The final product should be 12-14 minutes with highlights, H264 MP4 for common broadcast. I won't have time for raw/lengthy post production. By using (mostly) Canon zooms, I know that the result is footage, that is a little on the soft side. That'll be remedied in editing/post (Adobe PP, AE). I operated all this equipment single-handedly. With 3 cams recording I don't have to run around all the time, so there is plenty of time to plan ahead, check audio levels, check power and 4GP/29.9min limiters. The last two days I was present during rehearsals, so I know what was going to happen and when.

I'll never discuss my methods or my tools with the client, and he'll never get to see me at work in post. For many years my projects have not been discarded. Often there is criticism, but that is only to be expected, and it's mostly very constructive. A few times I have offered to re-edit, if a client wanted to emphasize something. That's quite okay with me. The bottom line is: Satisfied clients > more jobs > more satisfied clients.

I do this for a hobby. I own my equipment (but rent glass when necessary), and if a client is satisfied, I get my transportation and food covered plus a little tip for candy and tobacco. I get to do jobs, that would otherwise never have been done, if the clients would have had to buy a professional team to do the job. So I don't undercut the pros. I have been a member of the Journalists' Union since 1977.
From time to time the local TV broadcasting companies (understaffed) use me for quick-and-dirty news work, and here I get paid by the standard tariffs for journalists and photographers. Of course it helps, that I've been working with some of these guys since 1981. From time to time I come up with a bigger project with some interviews, background, footage from factories, farms, transportation companies, the military, stuff like that... and good time to get it done. That's exactly what an old journalistic cowboy like me likes to do.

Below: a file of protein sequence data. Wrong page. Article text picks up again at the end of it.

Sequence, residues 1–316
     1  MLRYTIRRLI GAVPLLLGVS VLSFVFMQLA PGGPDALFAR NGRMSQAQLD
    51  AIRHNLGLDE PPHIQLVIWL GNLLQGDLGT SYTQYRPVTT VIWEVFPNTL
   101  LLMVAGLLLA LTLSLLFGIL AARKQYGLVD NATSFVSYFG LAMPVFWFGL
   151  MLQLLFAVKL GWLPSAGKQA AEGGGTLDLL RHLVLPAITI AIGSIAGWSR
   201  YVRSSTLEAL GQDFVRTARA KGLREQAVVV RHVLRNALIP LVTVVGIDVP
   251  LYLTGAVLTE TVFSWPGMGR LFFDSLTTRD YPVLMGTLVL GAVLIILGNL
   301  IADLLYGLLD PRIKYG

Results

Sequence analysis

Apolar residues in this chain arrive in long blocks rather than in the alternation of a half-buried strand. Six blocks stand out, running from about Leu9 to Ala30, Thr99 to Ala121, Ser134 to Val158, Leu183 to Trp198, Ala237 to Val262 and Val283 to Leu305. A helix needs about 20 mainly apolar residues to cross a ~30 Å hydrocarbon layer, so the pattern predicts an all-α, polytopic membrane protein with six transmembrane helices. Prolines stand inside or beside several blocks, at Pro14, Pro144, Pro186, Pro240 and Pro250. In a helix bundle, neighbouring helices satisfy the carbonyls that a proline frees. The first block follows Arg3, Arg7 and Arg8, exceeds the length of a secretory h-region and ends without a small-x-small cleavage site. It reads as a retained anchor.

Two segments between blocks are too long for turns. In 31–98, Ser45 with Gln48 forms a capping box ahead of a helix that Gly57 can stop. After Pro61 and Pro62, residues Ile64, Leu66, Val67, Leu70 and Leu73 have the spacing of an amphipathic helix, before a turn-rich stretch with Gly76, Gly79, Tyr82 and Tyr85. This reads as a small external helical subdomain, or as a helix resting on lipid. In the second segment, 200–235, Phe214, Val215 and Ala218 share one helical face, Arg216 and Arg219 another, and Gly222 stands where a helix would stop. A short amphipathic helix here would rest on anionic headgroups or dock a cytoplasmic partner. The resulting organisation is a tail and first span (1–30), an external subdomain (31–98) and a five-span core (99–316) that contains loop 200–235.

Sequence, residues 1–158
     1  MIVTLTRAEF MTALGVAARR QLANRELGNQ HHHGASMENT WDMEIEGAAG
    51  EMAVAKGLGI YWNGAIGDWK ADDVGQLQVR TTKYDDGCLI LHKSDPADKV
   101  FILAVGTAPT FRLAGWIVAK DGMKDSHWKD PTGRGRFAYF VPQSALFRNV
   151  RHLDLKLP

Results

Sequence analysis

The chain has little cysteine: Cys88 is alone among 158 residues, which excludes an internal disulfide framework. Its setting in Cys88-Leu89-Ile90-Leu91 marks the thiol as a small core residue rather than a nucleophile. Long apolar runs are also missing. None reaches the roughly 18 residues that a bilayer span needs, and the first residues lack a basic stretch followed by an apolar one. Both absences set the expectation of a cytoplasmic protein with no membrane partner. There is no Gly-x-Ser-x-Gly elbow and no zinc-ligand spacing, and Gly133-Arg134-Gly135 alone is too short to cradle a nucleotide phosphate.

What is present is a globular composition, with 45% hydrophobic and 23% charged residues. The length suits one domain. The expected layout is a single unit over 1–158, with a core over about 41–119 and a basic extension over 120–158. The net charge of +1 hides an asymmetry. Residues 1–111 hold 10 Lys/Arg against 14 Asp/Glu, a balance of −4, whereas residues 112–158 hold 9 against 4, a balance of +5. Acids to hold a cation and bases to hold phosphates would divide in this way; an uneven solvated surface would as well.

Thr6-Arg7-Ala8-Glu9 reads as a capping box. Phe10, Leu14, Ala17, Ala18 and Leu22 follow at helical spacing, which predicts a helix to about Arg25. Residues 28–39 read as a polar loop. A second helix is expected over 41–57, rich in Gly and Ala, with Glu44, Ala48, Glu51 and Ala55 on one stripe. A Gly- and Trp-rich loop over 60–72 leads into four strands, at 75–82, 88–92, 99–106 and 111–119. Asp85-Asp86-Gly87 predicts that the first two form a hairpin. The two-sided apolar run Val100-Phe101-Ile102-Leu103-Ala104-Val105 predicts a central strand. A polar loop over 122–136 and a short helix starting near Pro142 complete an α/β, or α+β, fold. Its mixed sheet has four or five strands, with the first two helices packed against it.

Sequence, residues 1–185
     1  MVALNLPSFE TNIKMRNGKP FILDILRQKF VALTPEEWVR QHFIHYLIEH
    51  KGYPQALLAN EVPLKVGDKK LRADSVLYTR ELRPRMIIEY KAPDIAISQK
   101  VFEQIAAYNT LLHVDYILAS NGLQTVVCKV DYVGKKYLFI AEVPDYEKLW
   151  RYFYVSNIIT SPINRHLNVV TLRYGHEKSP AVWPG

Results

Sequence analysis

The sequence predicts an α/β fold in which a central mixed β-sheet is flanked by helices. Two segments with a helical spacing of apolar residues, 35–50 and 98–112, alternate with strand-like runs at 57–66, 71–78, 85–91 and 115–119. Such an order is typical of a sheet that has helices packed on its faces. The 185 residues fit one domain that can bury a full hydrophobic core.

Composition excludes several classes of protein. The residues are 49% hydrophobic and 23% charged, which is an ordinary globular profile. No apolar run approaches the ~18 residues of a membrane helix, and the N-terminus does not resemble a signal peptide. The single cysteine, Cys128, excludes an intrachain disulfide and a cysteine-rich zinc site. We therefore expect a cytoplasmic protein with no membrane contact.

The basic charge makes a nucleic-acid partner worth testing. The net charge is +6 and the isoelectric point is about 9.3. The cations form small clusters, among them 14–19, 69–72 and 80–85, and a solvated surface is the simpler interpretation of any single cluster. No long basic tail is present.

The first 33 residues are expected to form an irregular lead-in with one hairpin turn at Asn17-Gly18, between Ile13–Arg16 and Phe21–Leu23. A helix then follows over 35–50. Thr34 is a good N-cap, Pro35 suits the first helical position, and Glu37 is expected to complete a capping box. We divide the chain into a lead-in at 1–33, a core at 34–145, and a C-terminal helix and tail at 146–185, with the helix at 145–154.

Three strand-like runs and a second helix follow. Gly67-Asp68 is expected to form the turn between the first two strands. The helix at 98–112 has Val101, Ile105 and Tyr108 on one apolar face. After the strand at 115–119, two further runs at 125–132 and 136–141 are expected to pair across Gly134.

@extremelypoorfilmmaker - never let the clients get too close to your production methods. Remember: They can't do the job themselves, but they'd love to set their fingerprints - sometimes in their internal powerplays. Give them what they expect, but (try to) impress them with your independence: You'd love to do the job, and you're the best man to do it, but if they make your work a living hell with all sorts of silly demands, they can forget all about it and go elsewhere or do it themselves.
EOS RP, 5dIII.113/Batt.grip, 5dIII.123, 700d/Batt.Grip/VF4 viewfinder + a truckload of new and older Canon L, Sigma and Tamron glass

extremelypoorfilmaker

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Re: Tailor Making Magic Lantern?
« Reply #11 on: March 07, 2016, 01:17:36 AM »
@axelcine

What you say is right. I don't usually want to share my gear info with customers, but, more often than not (and usually over the phone) they ask me What gear do I have. I say: a good HD cam, good primes and a gimbal. And the usual reply is: what Camera do you have? Than I feel a bit cornered, as I think it is not very nice replying the same thing or tell them to not worry about that.

Regardless, future looks brighter, the next couple of years will be exciting! :)